Getting Things Done: how I’m using it

I put a stake in the ground October 6th and started using Getting Things Done [quick overview of GTD] to manage my activities. I moved things out of my email inbox into the appropriate places (I "processed" my inbox, in GTDspeak).

Having that clean slate is proving tremendously helpful to keeping me focused and motivated. I am much less stressed since the change and finally making headway on a lot of old tasks.

Since I’m a software product manager and the go-to person in the company for my products, I am both working on detail-heavy, rapidly iterating projects and very, very frequently interrupted with questions, some of which need immediate response and some of which are more theoretical "wonder if we could make the software do this?" ones. GTD is proving very helpful for me in keeping these details from being lost, staying focused on what needs to be done now, putting the energy and resources I have to work on the actions which I’m best able to be productive with at the moment, and keeping my sanity.

Here’s how I’m configuring things:

My email inbox in Thunderbird represents incoming information and the tasks I want to work on today:
— I use a red label for URGENT/DO NEXT items. (I assign labels as part of my processing step).
— an orange label is a 10 minute task (should be able to move this task forward or even finish it with a quick burst of action)
— a green label is a 30 minute task (needs a longer chunk of focus)
— an olive label is a project which needs its next 10 or 30 minute action identified (I find these just sit around not moving forward until they get a clear next action that can be done quickly)
— a purple label is waiting for someone (but expecting either that it will come back to me today or that I want to remember to nudge that someone on if I haven’t heard more by end of day)

– I have placed a physical inbox on my desk for incoming papers, in-slips (see below) and physical things to deal with today.

– I also have a dedicated "inbox" pocket in my laptop bag which is used for taking inbox items for work from home and vice versa.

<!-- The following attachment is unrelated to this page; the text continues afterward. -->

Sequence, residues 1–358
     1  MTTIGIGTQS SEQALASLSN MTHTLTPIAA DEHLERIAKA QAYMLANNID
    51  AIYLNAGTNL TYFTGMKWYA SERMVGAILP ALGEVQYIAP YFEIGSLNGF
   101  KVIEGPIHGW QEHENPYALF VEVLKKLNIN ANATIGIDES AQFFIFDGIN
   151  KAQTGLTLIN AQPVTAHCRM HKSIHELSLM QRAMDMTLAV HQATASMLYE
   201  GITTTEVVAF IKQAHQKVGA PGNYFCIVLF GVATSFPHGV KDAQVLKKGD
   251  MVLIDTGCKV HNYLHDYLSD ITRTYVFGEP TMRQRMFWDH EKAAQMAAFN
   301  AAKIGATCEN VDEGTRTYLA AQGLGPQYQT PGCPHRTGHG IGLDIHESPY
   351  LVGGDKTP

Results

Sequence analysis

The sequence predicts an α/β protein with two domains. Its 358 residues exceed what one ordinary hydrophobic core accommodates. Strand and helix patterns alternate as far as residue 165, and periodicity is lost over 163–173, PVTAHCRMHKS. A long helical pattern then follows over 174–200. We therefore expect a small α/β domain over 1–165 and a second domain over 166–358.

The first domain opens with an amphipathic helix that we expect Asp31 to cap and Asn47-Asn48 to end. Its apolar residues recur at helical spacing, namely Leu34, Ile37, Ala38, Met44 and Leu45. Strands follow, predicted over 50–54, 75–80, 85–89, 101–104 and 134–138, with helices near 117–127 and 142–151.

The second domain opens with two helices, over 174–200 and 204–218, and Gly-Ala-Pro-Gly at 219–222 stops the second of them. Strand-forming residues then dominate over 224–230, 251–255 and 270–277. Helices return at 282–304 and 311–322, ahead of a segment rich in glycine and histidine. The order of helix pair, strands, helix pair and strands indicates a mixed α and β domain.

– I have "@waiting on someone" folders in both Thunderbird and on desk for "waiting, not expecting action today"

– I have a tickler folder in Thunderbird containing 43 folders, emptied into the inbox each morning

– I use iCal for "hard landscape" appointments like meetings and conference calls and recurring tasks (e.g. every week send a business development activities update to the person who combines everyone’s into one update for the executives)

– KGTD for management of projects, somedaymaybe, and to some degree a quick way to see the status of things

– folders in Thunderbird for reference (e.g. by customer code, by release & within that line item code, plus some "other people’s products" and "other departments" folders)

– physical folders for reference (these are only made as needed: for each release & within that for each line item we have meetings on or for which I have other physical notes, a handful of non-release-specific projects which have physical notes, and the general year folder. The general year folder receives all other physical notes or event agendas, which are added in in chronological order with the latest in the front. I guess this is Noguchi method without the shuffling based on last use (since I think it’s harder to remember last use date than creation date)).

I have a whole lot of little yellow slips of paper close at hand at all times. In fact, I have a big stack by my inbox, a small stack with a pen right under the front edge of my monitor, some in my wallet and some on the little table next to my couch at home. When something pops into mind "Oh, I should call Hepsibah about the status of the Foo project", I write it down and put it  in my inbox. I don’t do it or add it to KGTD or anything, I just get the idea collected and get on with the action I’m actually trying to do when my brain veered off.